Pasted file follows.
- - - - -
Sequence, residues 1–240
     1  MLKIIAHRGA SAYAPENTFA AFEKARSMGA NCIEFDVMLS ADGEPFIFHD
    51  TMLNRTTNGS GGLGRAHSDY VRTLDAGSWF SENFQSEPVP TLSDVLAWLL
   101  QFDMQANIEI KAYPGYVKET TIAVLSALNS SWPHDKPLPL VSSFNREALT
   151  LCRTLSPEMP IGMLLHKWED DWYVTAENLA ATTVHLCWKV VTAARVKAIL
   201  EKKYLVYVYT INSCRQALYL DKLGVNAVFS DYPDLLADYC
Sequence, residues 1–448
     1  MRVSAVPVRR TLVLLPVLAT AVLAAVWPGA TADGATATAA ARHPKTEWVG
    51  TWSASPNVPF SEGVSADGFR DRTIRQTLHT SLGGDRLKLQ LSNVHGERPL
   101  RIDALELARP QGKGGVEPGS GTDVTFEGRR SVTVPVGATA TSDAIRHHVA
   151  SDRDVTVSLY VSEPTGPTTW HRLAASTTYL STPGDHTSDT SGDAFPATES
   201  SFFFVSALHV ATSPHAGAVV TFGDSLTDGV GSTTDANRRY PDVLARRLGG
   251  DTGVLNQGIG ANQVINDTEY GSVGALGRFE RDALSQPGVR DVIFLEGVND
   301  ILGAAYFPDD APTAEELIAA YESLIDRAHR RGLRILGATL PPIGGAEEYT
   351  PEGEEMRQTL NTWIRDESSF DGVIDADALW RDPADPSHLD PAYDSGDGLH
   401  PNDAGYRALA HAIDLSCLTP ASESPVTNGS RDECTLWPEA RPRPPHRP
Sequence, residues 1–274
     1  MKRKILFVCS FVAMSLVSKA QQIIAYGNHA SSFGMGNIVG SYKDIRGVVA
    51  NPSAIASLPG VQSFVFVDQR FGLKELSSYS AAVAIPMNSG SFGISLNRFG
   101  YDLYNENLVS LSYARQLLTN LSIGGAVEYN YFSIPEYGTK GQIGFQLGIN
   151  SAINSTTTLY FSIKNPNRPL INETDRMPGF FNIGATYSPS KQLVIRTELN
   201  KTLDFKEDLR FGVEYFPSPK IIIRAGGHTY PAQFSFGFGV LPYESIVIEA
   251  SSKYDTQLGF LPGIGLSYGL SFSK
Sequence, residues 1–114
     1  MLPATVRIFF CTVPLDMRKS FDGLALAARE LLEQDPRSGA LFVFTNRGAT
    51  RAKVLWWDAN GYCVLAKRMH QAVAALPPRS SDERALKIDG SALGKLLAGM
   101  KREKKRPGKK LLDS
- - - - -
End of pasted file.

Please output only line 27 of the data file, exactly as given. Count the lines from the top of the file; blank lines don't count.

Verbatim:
   101  KREKKRPGKK LLDS